If the five-passenger Mazda CX-7 is a wild teenager, the CX-9 is more like a mature adult, one that’s toned and energetic. There’s a clear link between the two models in general shape and proportions, but the CX-9 is a bit more graceful and smooth. The CX-7’s flared front fenders, heavily influenced by the RX-8 sports car, have been toned down, and the arch of the rear beltline is less dramatic. Taken as a whole, the CX-9 is muscular but restrained, while the CX-7 has more in-your-face attitude. Similarly, the CX-9’s interior borders on upscale with faux wood, alloy accents and two-tone leather upholstery, a look that is juxtaposed by the small steering wheel, sport shifter, and chrome trim pieces.
Every hit has a miss or two, and for the CX-9 that’d be interior storage. Among the pros is a large center armrest cubby with an outlet, a rubber-lined slot below the instrument panel, a small slot by the driver’s knee, a decent-size glovebox, and a damped and lined overhead sunglass holder. There’s also a map pocket on the back of the driver’s seat. Third row passengers get four small cupholders, and riders in the second row get a small spot in the fold-down center armrest. But that’s not a lot of storage space in a seven-passenger rig. Plus, the door pockets are designed more for holding beverages than anything else, and when used in such a fashion, leave precious little room for anything else.
When fitted with the touch-screen navigation system, the radio can be controlled with illuminated steering wheel buttons, buttons next to the center screen, and with buttons integrated into the navigation system. Users can also run through presets on the steering wheel, but a tuning button would be nice, too. As it is, the driver has to stretch for the tuning button on the dash. Signal strength was a problem. The navigation system includes voice controls and a tilting screen that washes out in daylight. A RTN (return) button next to the screen is in place of a more useful touch-screen Back button, and destination points can only be entered when the CX-9 is stopped. An auxiliary MP3 jack is located inside the center armrest.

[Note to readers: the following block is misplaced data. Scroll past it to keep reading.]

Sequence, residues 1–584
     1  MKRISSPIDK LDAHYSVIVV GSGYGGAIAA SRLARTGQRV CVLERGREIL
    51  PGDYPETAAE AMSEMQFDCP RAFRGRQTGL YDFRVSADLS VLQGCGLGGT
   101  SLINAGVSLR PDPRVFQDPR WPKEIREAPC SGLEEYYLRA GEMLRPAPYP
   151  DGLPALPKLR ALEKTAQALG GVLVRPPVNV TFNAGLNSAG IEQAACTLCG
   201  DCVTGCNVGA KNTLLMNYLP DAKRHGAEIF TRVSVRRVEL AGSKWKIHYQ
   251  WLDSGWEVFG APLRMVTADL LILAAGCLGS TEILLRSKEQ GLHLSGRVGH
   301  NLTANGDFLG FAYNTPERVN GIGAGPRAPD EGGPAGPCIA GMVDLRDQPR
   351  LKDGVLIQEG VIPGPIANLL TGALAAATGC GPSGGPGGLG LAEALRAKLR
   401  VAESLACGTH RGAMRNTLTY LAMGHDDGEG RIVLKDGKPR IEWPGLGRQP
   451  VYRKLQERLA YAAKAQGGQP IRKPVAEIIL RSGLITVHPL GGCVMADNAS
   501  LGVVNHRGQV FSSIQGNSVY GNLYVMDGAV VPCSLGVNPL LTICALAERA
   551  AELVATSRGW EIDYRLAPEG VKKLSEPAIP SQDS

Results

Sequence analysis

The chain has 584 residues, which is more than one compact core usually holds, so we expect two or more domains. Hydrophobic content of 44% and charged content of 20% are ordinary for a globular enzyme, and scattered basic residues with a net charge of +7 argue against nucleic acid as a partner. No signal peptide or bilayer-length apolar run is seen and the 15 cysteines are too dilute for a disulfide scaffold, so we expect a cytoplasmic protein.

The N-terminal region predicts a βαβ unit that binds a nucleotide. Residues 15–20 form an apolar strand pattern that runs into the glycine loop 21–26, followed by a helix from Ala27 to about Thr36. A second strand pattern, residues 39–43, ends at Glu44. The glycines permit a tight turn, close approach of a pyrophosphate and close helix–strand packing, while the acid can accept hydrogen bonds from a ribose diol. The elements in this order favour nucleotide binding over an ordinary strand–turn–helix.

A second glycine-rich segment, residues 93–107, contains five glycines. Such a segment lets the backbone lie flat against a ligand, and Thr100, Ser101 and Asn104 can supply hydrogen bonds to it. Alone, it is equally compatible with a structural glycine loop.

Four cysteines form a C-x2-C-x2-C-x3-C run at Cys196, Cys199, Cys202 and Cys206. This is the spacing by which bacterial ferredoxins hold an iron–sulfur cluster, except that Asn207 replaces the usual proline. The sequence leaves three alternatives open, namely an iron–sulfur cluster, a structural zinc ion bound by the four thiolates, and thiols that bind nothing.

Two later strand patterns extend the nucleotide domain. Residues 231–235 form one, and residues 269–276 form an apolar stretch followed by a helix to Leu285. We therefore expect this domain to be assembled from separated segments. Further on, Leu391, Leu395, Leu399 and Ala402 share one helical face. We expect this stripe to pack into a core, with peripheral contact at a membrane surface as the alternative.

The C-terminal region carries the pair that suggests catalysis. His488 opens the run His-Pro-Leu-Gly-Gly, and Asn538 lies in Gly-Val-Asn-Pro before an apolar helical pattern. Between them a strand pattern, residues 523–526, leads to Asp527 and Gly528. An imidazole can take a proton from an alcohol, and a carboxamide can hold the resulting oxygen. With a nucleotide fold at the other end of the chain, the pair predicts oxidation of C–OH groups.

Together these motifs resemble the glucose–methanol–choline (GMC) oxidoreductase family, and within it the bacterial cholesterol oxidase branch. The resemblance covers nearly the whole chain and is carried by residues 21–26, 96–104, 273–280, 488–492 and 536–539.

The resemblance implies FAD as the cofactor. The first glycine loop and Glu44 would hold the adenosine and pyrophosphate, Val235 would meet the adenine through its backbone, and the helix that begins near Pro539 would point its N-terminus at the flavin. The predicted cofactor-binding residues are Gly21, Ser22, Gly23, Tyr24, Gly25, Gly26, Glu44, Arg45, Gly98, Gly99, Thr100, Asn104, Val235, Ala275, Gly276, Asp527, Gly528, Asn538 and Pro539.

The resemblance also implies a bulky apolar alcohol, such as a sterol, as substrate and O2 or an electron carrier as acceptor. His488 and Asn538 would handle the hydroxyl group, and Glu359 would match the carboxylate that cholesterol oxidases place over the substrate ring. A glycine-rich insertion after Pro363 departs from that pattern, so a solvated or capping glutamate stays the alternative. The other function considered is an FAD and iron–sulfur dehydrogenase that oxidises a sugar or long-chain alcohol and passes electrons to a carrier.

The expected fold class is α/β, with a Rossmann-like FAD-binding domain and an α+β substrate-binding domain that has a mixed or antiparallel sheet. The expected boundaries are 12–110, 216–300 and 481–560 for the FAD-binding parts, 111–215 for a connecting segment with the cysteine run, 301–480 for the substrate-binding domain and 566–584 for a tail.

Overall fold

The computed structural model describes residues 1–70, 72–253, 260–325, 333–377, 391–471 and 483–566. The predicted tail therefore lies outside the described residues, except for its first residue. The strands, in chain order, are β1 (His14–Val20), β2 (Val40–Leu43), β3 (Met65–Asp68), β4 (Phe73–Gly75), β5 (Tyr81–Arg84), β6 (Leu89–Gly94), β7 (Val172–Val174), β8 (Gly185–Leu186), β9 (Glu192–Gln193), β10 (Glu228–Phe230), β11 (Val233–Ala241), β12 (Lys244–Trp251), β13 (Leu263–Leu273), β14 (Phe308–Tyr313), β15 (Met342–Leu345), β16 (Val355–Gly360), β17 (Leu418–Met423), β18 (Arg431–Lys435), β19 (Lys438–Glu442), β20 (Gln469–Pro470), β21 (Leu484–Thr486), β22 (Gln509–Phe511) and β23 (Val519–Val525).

So rubber grips aren’t available – not everything can be perfect. That minor quibble aside, the 2007 Mazda CX-9 makes warming up or cooling off a relatively simple affair. Equipped with a dual-zone automatic climate controls system, our Touring tester featured three dials – one for driver temp, one for fan speed, and one for front passenger temp. A small digital readout atop the dash informed of temperature settings and fan speed. A series of buttons below the three dials addressed defrost functions, heated front seats, and rear climate controls, which consisted of fan and temperature dials on the back side of the front center console.